The process involves a series of different activities designed to help identify an individual’s specific learning style, as well as their strengths and weaknesses.
When taking your teen for a cognitive assessment, it is important to bring a copy of all past assessments, in order to let the psychologist know about previous results and recommendations.
Moreover, it is essential to note that there should be a two year period before re-testing. For example, if a teen is assessed by a psychologist or school guidance officer in June 2011, they will have to wait until June 2013 to be re-assessed using the same measuring tool.
Reasons for Testing
The assessment gives an insight into an individual’s cognitive abilities and learning potential, generating two types of results: an index, as well as a general IQ score. Cognitive assessment is often used with students experiencing different kinds of difficulties at school. Common concerns expressed by parents/caregivers may include:
- My teen is struggling academically;
- My teen seems to be behind his/her peers;
- Teachers believe that my child should be tested;
- My child does not appear interested in learning things.
While the assessment results are important, the clinical observation of the teen during testing sessions is paramount, as it gives valuable information on why they are struggling, how they are behaving, their ability to concentrate on the task, and their anxiety level during the assessment.
In fact, how an individual performs tasks is as important – and often even more so – than the actual scores.
Gifted or Talented?
If you believe that your teen might be gifted; s/he may also benefit from having a cognitive assessment done. This will give greater understanding of their cognitive abilities, and will enable the psychologist to make recommendations in order to inform the school for example. If a child is bored at school, s/he may show their frustration by being disruptive. Studies have shown that gifted students often present with behavioural and academic issues, and may underachieve in order to better fit with their peer group.
Types of Assessment
For older children and adolescents (up to the age of 16 years and 11 months), the WISC-IV is the scale of choice in many countries when trying to understand a child’s thinking and reasoning abilities. They provide information about Verbal Comprehension, Perceptual Reasoning, Working Memory and Processing Speed abilities. The individual will obtain scores for each of the four indices. It is also crucial to look at individual items within subtests as these can provide a rich source of information on the types of error the individual might be making.
Cognitive assessments are conducted in a specially appointed room, allowing good testing conditions and reduced noise for the client. The word “test” will be avoided as much as possible and replaced by a non-threatening one such as, activities or games. There is no pass or fail, but different results that will enable the psychologist to put together a profile for your child and write a report with recommendations and suitable actions.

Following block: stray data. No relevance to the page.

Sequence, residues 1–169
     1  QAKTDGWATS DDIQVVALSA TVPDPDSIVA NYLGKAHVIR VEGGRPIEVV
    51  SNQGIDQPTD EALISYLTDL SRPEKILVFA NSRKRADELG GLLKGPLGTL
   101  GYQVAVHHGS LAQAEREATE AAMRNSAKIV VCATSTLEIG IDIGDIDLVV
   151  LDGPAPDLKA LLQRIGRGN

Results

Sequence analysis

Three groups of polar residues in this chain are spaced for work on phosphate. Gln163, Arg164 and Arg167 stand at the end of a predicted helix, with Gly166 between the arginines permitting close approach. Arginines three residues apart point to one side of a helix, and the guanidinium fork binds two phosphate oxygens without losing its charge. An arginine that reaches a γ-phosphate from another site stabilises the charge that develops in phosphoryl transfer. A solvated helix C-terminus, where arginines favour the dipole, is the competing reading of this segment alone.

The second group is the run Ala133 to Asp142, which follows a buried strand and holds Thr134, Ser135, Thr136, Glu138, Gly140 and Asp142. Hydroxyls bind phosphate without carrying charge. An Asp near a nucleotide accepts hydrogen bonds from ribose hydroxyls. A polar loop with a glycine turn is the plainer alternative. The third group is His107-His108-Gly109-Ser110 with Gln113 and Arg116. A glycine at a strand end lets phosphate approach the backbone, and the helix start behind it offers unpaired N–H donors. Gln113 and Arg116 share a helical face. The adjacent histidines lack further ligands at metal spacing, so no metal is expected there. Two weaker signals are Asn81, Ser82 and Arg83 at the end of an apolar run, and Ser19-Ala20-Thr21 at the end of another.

The aim of such a process is to better understand the student’s difficulties; I like to ensure that their abilities are also highlighted. Results and recommendations are usually explained to the family during a ‘’feedback session’’, where teenagers can usually be invited to attend.
Depending on the reasons for undertaking this assessment process, a WISC-IV, may give enough information to obtain a clear picture about your teenager’s cognitive abilities.
Other Types of Assessment
However, further assessments may also be suggested, using a more specific tool like the WIAT II (Wechsler Individual Achievement Test); or the CMS (Child Memory Scale). Psychologists often need to compare measurements obtained in two different tests (for example, WISC IV and WIAT II), to assess any kind of learning disabilities.
The WIAT II assesses the academic achievement of the child. It examines specific abilities and comprises a range of subtests assessing the person’s abilities in Reading, Mathematics, Written Language and Oral Language. By using the WIAT II in combination with the WISC IV, it is possible to identify potential learning disabilities; and it can also be used to determine a child’s level in comparing his results to the norm established for his age.
The CMS (Child Memory Scale) is used to assess learning and memory function in children aged 5 to 16 years old. It gives valuable information on the child or adolescent’s Visual Memory, Verbal Memory, Attention and Concentration, as well as Learning abilities. It can be a useful tool in assessing Attention Deficit Disorder (ADD), or memory issues after a brain injury.
If you would like to find out more about arranging psychological assessment for your teenager, please call 1800 877 924 or book online for an initial consultation with Meggy Delaunay.
- Cognitive assessment, Intellectual abilities (from $990) – 1 to 2 sessions for the assessment itself – 1 feedback session – Scoring, interpretation and report.
- Assessment to determine eventual learning disability (from $1650) – Cognitive assessment (assessment, scoring, interpretation and report) Plus: – 1 to 2 more sessions for assessment – Scoring, interpretation, feedback session, and report.
Author: Meggy Delaunay, PG Dip Psych Practice, PG Dip Dev Psych, M Genetic Psych, B Psych, MAPS.
Meggy Delaunay is a psychologist whose main area of interest is the treatment of children, adolescents and young adults. She is a registered Psychologist in Australia, New Zealand and France, and can provide therapy sessions in English and French.